Grace star Jordan Ladd finds horror is a mother

Contributed by
Dec 14, 2012, 3:54 PM EST

Jordan Ladd isn't a mother, but she plays one in the movies, and when she was initially approached to play the main character in Grace—Paul Solet's tale of a disturbing bond between one mother and her child—that wasn't what daunted her. She was just worried about getting pigeonholed as a scream queen.

"When I first got the script, it was pitched to me as sort of a Rosemary's Baby kind of thing, and I thought, 'I'm trying to get out of genre [material],'" she said in a group interview Monday in Los Angeles.

"My manager said, 'No, this is really special. Before you pass, take a look,'" Ladd recalled. "And from page one, I found the character of Madeline Matheson riveting, and I kind of got it. But as I proceeded to read, there were beats that were more horror-like."

Ladd, who previously worked with Quentin Tarantino in Grindhouse, is a bit of Hollywood royalty: Her grandfather was Alan Ladd (Shane, The Great Gatsby), her mother is Cheryl Ladd (Charlie's Angels) and her father producer David Ladd (The Mod Squad).

In Grace, Ladd plays a young woman whose stillborn child returns to life with a horrifying appetite. She soon discovers that her baby—now named Grace—thirsts for something more than mother's milk, and Madeline is determined to feed her, no matter the consequences.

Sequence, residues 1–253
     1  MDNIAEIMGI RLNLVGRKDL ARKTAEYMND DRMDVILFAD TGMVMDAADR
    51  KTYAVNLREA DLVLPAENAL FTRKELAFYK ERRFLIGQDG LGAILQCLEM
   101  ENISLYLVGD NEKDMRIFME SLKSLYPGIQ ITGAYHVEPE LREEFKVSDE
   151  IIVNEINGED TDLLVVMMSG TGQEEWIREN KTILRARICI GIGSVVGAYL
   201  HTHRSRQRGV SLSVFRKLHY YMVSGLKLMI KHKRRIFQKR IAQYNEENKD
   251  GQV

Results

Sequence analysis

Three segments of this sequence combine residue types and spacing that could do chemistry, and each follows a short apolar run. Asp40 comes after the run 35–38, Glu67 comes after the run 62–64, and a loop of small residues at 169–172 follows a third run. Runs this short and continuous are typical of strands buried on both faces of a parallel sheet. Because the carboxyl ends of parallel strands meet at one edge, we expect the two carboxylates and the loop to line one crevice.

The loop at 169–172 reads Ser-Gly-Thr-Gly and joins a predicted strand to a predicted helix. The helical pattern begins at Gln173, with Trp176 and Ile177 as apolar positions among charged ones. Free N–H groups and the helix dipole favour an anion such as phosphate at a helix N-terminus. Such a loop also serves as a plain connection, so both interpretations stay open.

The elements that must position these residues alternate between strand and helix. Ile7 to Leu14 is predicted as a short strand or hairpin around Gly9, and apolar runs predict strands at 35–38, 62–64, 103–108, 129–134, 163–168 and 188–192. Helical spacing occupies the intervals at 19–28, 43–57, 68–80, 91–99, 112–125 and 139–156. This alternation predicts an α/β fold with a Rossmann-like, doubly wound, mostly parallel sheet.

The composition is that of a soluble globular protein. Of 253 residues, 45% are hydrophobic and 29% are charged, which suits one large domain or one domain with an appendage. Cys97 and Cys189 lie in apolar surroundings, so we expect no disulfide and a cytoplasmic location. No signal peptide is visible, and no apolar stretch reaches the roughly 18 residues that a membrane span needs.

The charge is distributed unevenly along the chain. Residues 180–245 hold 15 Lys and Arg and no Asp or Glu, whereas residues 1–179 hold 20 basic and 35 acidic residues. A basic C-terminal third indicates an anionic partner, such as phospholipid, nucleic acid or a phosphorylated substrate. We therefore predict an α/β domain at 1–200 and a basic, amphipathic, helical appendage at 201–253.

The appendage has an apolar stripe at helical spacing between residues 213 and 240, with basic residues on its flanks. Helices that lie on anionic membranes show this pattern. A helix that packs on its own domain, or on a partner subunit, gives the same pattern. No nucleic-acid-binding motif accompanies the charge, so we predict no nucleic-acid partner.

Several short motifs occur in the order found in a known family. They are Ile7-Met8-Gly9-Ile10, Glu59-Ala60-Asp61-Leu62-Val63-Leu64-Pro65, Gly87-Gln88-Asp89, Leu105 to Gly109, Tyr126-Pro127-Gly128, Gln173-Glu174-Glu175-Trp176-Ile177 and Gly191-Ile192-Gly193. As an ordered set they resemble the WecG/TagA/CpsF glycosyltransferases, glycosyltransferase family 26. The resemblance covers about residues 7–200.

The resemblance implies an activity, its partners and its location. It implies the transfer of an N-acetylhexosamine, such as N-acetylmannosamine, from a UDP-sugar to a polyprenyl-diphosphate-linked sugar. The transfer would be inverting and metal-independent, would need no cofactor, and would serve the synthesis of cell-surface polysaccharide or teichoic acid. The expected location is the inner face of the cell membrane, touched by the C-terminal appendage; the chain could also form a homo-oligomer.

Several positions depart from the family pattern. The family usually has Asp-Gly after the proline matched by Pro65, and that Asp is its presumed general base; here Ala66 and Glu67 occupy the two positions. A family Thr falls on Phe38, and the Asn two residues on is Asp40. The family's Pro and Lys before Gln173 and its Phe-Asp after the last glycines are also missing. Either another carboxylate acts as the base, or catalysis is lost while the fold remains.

Ladd said that she was intrigued to see whether Solet could truly realize the material's potential. "I wondered what kind of filmmaker Paul was going to be, and my decision really hinged on was he telling a story of selflessness and of motherhood going wrong, and that kind of being the present theme, or was he using this as an opportunity to sell beats?" she said.

But Ladd said that their initial meeting stretched into a real bonding session, both personally and professionally. "We sat down with our two dogs, and we were only going to meet for a few minutes, and we talked and talked for four hours, and we just kept going and going," Ladd said. "After that meeting, I just sort of looked at him and said, 'F--k it, let's do it. ... I'm so excited,' and it was clear to me that he was really using genre as a way to tell a really profound story about women and childbirth and sacrifices and love. So it became really clear to me that was the movie he was making and not a genre movie. It was manna from heaven getting this role."

Although the two of them agreed on the way in which the material should be approached, Ladd said that a lot of their collaboration had to be done on the fly—and on the cheap—since the film's budget would be modest at best. "We didn't have any rehearsal time together [because] he had to get on a plane and do preproduction," she explained. "So our rehearsals were over the phone or via e-mail or pages—pages that we may or may not shoot or ideas or whatever. So it was constantly percolating in my mind at all times, and we were both calling each other [saying], 'Dude, I'm sleeping with a pen and paper next to my bed, and I've never done this. I'm dreaming about it, getting up and scribbling backstory here.' And he was like, 'I'm doing the same thing.'"

The constraints put on their time actually strengthened her performance once shooting got underway, Ladd said. "We only had a limited amount of days, so that was a real blessing, because I had done all of the character work with him prior to it in this really engaging way, and no writer has ever allowed me into the process. So much of my preparation was that."

Grace opens on Friday.